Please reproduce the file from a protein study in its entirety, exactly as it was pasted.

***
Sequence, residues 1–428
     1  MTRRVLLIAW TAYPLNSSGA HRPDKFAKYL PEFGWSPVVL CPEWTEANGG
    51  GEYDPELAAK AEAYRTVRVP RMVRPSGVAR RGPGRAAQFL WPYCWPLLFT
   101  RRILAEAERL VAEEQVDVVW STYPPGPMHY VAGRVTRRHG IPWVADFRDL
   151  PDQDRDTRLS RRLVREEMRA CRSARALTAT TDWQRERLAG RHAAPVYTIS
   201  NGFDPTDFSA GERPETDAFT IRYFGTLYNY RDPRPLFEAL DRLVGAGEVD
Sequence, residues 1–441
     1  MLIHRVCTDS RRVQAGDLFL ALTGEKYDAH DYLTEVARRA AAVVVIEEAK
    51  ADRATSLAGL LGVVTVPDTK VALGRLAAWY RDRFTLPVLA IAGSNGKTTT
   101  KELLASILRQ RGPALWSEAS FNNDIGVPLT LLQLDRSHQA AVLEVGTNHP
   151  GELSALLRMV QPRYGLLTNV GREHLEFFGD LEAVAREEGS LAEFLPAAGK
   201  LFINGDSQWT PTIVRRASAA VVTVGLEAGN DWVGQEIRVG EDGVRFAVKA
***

Sequence, residues 1–428
     1  MTRRVLLIAW TAYPLNSSGA HRPDKFAKYL PEFGWSPVVL CPEWTEANGG
    51  GEYDPELAAK AEAYRTVRVP RMVRPSGVAR RGPGRAAQFL WPYCWPLLFT
   101  RRILAEAERL VAEEQVDVVW STYPPGPMHY VAGRVTRRHG IPWVADFRDL
   151  PDQDRDTRLS RRLVREEMRA CRSARALTAT TDWQRERLAG RHAAPVYTIS
   201  NGFDPTDFSA GERPETDAFT IRYFGTLYNY RDPRPLFEAL DRLVGAGEVD
Sequence, residues 1–441
     1  MLIHRVCTDS RRVQAGDLFL ALTGEKYDAH DYLTEVARRA AAVVVIEEAK
    51  ADRATSLAGL LGVVTVPDTK VALGRLAAWY RDRFTLPVLA IAGSNGKTTT
   101  KELLASILRQ RGPALWSEAS FNNDIGVPLT LLQLDRSHQA AVLEVGTNHP
   151  GELSALLRMV QPRYGLLTNV GREHLEFFGD LEAVAREEGS LAEFLPAAGK
   201  LFINGDSQWT PTIVRRASAA VVTVGLEAGN DWVGQEIRVG EDGVRFAVKA